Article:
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Judgment and Justification: Part 1

God's judgment and its related themes are a particular point of interest for me, especially when they come into contact with the justification debates. So, across several posts, we'll be looking at judgment, justification, and other related topics (I am not sure how many posts it will be in total). I wrote a paper this past semester on the theme of judgment for my intro to biblical theology class. I'll present some of my findings from that paper in this series, but I also want to use these posts to extend some of the observations that I made and also address systematic theology questions that were not germane to a biblical theology paper. One thing that I do want to stress up front is that while I have put a lot of thought into these issues, I see my proposals as being far from a final word. This is a work in progress in what I intend to be a life long pursuit. I appreciate feedback, and especially push back, because, to borrow a line from NT Wright, I am sure that a fair amount of what I will go on to say here is wrong, I just don't know which parts they are. Part of my purpose in writing here is in hopes that you all will engage in these questions with me resulting in mutual sharpening.

In today's post we will address what and why. What is judgment and why am I so interested in it? We'll take the first one first, what is judgment? We can talk about two different things using the term judgment. What probably pops into most people's minds first is judgment as a negative concept. A very common usage for 'judgment' in the Bible is as the negative counterpart to salvation. Exodus 6:6 demonstrates this clearly: 'Therefore, say to the Israelites: 'I am the LORD, and I will bring you out from under the yoke of the Egyptians. I will free you from being slaves to them, and I will redeem you with an outstretched arm and with mighty acts of judgment' (TNIV). Judgment can also be a more neutral concept meaning something like 'a rendering of a decision.' While not explicitly using the term 'judge' or 'judgment,' the parable of the sheep and the goats in Matthew 25 is a good example of judgment of the latter type. Judgment can be either/or, and it's especially the latter type that needs to factor into our discussions of justification.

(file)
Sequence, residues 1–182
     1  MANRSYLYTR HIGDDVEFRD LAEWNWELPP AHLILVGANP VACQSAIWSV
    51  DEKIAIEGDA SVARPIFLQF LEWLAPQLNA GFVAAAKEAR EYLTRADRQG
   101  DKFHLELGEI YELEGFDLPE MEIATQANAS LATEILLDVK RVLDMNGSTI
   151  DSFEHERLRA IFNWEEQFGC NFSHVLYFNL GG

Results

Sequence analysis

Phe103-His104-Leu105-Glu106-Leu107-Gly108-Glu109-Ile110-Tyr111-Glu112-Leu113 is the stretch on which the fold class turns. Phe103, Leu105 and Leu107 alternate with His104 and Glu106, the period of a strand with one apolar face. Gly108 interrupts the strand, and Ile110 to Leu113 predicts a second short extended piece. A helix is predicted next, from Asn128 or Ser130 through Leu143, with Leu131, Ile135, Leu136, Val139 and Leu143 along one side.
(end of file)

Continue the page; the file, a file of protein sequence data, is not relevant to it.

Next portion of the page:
Why do I care about judgment and justification so much? First, I think that they're (especially judgment) central to the biblical witness. If you were to excise every passage dealing with judgment, you'd be missing a very large portion of your Bible. Second, honestly, is because it's so controversial. There are a lot of views on judgment and especially on justification (and I have no intentions of interacting with many of them, just a select few). How could something so central be understood so variously? Third, I think that our understanding of justification and judgment have sizable doctrinal and practical implications, some of which we will explore at the end of this series.


  1. You're a great writer and thinker and I'm looking forward to reading more. What a gift it is to me to have someone like you at our church!


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